South Africa fight back after Crawley hits maiden fifty
January 24 2020 10:41 PM
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Zak Crawley
England’s Zak Crawley plays a shot during the first day of the fourth Test against South Africa at the Wanderers Stadium in Johannesburg yesterday. (Reuters)

Reuters/Johannesburg

Zak Crawley scored a maiden Test half century before South Africa fought back to restrict England to 192 for four when bad light stopped play early in the opening day of the fourth Test yesterday. 
Crawley suffered a nasty blow to the head but still made 66 as he and Dom Sibley put on 107 for the opening wicket but the home side hit back with four wickets in an extended evening session, including the prize scalp of Ben Stokes.
Rain delayed the start of the final Test in the series, which England lead 2-1.
England captain Joe Root, who won the toss and elected to bat, and Ollie Pope will be seeking to extend their 35-run partnership when play resumes today. Root is 25 not out while Pope is unbeaten on 22.
Crawley reached his 50 in just 80 balls as he dominated a mediocre-looking home attack in the opening 30 overs but was struck on the helmet by a 149 kph bouncer from Anrich Nortje and needed a lengthy break before being able to continue.
Sibley was the first wicket to fall, in the third over after tea as he steered a rising delivery from debutant Beuran Hendricks down leg side and was caught by diving wicketkeeper Quinton de Kock.
Sibley was given out when on 10 but the decision was overturned on review and he was then caught in the gully when on 12 but Vernon Philander overstepped the mark and was no-balled. Sibley was eventually out for 44.
Crawley was undone by his own indecision as he played at a Philander delivery and top edged it to Rassie van der Dussen, who ended up claiming three catches at slip.
“It was a great feeling to put on 50 but shame not to get a bigger score,” said Crawley.
Joe Denly was dropped twice — albeit difficult chances — before being caught off the bowling of Dane Paterson and Stokes followed cheaply for just two after edging Nortje’s effort, sparking joyous celebrations on the field.
Stokes had hammered the South African bowling in both of England’s Test wins in Cape Town and Port Elizabeth.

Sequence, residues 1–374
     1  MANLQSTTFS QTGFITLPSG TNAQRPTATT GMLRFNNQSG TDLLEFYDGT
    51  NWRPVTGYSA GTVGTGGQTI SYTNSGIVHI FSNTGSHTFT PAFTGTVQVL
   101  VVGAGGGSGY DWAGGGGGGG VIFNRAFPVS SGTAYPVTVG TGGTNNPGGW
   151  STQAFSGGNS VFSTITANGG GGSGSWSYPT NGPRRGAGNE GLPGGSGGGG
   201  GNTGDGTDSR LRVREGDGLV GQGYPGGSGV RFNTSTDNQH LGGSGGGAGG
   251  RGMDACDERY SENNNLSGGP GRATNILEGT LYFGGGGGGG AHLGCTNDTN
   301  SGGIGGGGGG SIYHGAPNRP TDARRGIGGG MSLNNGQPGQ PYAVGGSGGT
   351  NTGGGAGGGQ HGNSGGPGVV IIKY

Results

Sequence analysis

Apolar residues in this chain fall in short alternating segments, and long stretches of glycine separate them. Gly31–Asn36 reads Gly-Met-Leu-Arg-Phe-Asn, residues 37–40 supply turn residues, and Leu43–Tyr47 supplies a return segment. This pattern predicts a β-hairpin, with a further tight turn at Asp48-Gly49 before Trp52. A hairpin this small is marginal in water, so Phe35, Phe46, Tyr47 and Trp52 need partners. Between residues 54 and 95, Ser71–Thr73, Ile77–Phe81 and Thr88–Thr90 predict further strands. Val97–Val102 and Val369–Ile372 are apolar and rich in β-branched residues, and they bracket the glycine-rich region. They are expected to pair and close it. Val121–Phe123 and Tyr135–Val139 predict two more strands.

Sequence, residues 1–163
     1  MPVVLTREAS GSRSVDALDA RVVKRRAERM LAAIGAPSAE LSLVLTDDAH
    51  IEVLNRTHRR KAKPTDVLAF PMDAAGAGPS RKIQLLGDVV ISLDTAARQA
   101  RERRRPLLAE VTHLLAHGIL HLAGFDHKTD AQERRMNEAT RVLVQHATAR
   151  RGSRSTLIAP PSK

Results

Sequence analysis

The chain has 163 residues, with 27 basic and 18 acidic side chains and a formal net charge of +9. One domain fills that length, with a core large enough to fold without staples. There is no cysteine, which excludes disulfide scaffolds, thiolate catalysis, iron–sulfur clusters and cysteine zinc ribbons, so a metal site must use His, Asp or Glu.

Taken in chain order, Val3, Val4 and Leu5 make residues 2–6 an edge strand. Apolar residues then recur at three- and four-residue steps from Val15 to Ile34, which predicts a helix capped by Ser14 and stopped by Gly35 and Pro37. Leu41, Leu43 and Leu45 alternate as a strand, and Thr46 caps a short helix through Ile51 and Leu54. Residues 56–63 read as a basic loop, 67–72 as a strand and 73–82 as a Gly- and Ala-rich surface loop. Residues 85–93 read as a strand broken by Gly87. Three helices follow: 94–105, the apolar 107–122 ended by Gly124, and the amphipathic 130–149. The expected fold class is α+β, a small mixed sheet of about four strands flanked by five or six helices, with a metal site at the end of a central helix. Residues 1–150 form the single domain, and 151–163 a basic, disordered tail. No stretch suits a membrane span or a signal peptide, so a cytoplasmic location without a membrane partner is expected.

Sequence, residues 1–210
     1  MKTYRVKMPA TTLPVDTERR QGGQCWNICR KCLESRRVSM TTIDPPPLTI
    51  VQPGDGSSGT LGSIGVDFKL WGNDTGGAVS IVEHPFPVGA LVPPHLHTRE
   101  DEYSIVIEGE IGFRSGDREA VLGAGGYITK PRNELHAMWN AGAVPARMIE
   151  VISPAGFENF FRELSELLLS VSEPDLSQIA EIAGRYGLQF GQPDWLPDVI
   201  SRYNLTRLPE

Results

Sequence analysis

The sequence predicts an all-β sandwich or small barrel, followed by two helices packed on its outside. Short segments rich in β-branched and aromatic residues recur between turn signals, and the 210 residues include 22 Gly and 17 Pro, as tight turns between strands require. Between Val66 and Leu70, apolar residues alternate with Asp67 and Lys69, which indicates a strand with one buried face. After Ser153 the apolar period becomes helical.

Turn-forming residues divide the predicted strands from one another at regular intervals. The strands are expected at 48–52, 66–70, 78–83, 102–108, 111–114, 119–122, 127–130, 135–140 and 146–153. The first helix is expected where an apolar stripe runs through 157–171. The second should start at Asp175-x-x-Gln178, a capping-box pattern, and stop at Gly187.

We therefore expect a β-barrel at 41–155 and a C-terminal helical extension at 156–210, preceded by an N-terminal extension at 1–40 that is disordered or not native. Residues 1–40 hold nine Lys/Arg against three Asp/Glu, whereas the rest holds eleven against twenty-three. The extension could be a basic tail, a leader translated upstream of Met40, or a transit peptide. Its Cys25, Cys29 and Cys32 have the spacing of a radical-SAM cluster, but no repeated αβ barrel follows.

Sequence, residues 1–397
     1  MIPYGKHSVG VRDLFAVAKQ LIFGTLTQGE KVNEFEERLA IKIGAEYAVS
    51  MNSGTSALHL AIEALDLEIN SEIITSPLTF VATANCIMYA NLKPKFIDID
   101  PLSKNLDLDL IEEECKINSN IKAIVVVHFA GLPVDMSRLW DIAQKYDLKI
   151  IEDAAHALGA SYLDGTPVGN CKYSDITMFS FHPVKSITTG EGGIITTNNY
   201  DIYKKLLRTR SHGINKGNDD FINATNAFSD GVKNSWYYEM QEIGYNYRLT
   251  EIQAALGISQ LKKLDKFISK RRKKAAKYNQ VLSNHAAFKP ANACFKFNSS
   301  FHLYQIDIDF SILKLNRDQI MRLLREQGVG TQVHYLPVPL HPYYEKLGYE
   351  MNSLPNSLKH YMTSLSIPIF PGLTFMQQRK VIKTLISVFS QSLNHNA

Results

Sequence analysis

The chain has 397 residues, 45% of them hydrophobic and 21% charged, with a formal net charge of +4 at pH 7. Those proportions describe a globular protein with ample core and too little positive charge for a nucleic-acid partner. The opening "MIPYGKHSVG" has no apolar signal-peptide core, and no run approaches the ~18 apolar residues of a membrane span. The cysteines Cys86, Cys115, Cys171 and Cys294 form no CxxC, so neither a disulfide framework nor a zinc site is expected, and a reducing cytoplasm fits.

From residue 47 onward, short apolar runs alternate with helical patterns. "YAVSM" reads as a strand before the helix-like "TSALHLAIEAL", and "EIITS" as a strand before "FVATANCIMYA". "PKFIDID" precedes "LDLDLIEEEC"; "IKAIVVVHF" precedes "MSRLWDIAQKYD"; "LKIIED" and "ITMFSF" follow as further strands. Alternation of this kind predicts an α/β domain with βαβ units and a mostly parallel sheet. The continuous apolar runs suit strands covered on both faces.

Anticipating a seamer-friendly conditions, both teams dispensed with their frontline spinner when they made their team selection before the belated start.


Stokes faces action 
England all-rounder Ben Stokes could face disciplinary action after a foul-mouthed row with a spectator after his dismissal in yesterday’s Test against South Africa at The Wanderers.
Stokes was shown on television exchanging insults with a middle aged man as he walked off the field after being caught cheaply for two runs in England’s first innings on the opening day of the fourth Test at the Johannesburg venue, known as ‘the bullring’ for its often hostile atmosphere.
The 28-year-old Stokes now faces being charged by the International Cricket Council with a level one offence of “use of an audible obscenity” and a possible fine and demerit point if the match referee decides to charge him.
There was no immediate confirmation of any charge after England reached 192 for four when bad light stopped play.
Stokes is the latest in a long list of players to have spats with spectators at The Wanderers, where there is a long walk from the dressing rooms to the pitch, alongside a grassy bank often filled with boozy spectators.
A plastic casing was built for the walkway after Australia tailender Merv Hughes swung his bat in anger at a spectator who insulted him in 1994.
Previously it was fenced off, allowing spectators to abutt the walkway and insult players close-up as they walked past.
Television pictures did not show Stokes being insulted but did show him swearing in response to obvious provocation.
Stokes, who has tormented the South Africans with bat and ball on this tour and proved pivotal in England taking a 2-1 series lead, missed the Ashes in 2017 after sustaining a hand injury in a brawl outside a Bristol nightclub which led to him being charged with affray.
He was acquitted after a high profile trial but charged with bringing the game into disrepute by the England and Wales Cricket Board (ECB) and fined 30,000 pounds ($39,432.00) and banned for eight matches.



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